Occasionally there wouldn't be enough building work for everyone at once, due to the limited number of building tools, and this would allow a few volunteers to go to the children's rooms. Here, there was a range of activities that they could do, including coloring, reading or arts and crafts. This would continue into the afternoon, broken up by lunch outside where we would be served a variety of Tanzanian delicacies.
Other activities in Tanzania
Our days weren't always the same though, some afternoons we would participate in workshops organized by Projects Abroad in the office in Arusha or go on trips. These included a Swahili language lesson and a Massai cultural workshop from Robert before visiting a Massai village the following day. The day spent in the Massai village gave us such a raw and honest experience of the famous Massai tribe and their lifestyle. Robert took us to his village and introduced us to his extended family.
Free time in Tanzania
Our weekend was perfectly organized by our coordinators. On the Saturday they took us to Tarangire National Park, which is approximately 2.5 hours in safari jeeps from Arusha. Having never been on safari before, the chance to see wildlife so close was breath-taking – zebras, elephants, ostriches, buffalos and antelopes.
The following day we went on a hike to a waterfall, the Marangu Falls at the base of Mount Meru. At one stage our hike didn’t seem possible, as our minibus held about 18 people and couldn't get up a narrow hill. This meant that we had to walk for an hour to get to the starting point, but the scenery of the little settlements below was breath-taking.
Our walk was fairly steady, but then we realized that in order to reach the waterfall we would have to clamber down incredibly steep parts of the cliff. The boys from the local villages came out to offer us a hand and despite only being ten years old, my helper, Alan, was much better at it than me! As we got to the bottom we had to zigzag across the river, back and forth, walking in shallow water. It was lovely to get some fresh air and after an hour or so, we reached the base of the waterfall – it was really beautiful and well worth it.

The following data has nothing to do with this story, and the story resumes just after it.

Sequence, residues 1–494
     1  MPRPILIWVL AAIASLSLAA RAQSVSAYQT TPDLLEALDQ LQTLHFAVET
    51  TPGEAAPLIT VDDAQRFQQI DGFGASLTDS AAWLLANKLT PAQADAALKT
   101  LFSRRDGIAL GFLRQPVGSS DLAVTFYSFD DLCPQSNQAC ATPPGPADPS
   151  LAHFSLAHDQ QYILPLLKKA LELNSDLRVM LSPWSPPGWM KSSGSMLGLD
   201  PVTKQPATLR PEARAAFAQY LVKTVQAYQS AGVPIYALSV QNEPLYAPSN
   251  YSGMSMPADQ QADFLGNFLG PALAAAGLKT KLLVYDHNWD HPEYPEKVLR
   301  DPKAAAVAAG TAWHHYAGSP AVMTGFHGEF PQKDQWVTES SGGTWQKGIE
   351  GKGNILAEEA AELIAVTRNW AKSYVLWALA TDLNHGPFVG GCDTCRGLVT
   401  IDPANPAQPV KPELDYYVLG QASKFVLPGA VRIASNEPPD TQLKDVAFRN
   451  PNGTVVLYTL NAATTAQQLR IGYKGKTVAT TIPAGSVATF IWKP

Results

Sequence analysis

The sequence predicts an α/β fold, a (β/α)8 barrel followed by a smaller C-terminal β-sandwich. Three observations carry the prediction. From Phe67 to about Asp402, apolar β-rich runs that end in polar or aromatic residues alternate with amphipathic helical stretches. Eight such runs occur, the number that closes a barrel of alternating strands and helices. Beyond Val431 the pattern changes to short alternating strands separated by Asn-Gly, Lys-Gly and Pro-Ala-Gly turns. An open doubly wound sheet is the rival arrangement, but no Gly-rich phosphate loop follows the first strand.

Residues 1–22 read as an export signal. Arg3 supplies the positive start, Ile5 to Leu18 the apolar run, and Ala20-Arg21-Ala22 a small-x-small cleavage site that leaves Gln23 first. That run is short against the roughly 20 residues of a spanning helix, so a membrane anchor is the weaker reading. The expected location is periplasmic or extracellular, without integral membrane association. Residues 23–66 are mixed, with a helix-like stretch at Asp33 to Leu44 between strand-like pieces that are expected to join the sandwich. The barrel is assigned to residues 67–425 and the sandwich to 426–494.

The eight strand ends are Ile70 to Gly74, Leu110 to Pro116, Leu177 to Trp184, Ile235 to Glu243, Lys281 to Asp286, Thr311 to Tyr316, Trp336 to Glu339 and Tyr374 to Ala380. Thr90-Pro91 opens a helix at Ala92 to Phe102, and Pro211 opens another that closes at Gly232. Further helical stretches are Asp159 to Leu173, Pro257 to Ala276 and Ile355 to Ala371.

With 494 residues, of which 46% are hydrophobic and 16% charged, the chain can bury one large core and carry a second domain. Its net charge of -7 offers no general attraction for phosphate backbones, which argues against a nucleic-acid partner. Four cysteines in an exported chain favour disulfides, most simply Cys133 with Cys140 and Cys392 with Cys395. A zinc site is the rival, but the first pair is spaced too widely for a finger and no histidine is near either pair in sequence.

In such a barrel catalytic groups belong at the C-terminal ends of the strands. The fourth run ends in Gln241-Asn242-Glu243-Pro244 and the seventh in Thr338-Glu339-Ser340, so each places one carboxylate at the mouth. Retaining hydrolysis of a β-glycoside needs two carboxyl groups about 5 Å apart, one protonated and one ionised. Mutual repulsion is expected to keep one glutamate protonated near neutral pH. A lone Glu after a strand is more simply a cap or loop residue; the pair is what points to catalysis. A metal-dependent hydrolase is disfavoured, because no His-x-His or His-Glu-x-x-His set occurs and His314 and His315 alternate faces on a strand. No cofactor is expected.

The second week of our placement was mainly bricklaying in order to complete the chicken coup. We did so and on the Thursday the chickens were delivered and the children all carried them to the new hutch. They were so excited at the prospect of having more chickens; it really was a lovely sight to see.
Back to the UK
As a 17-year-old, two weeks away was perfect for me and though I was sad to leave Tanzania, I was ready to return home. As long as you prepare yourself well you won't miss home, because you'll be too busy. You should, though, prepare for the culture shock. Even if you have traveled extensively, doing it alone and seeing those who are the least fortunate will really give you a better perspective of reality. It's a fantastic opportunity to travel, but an even better one to give something back to those who are less fortunate. I would do it all over again if the opportunity arose and would encourage and recommend it to anyone.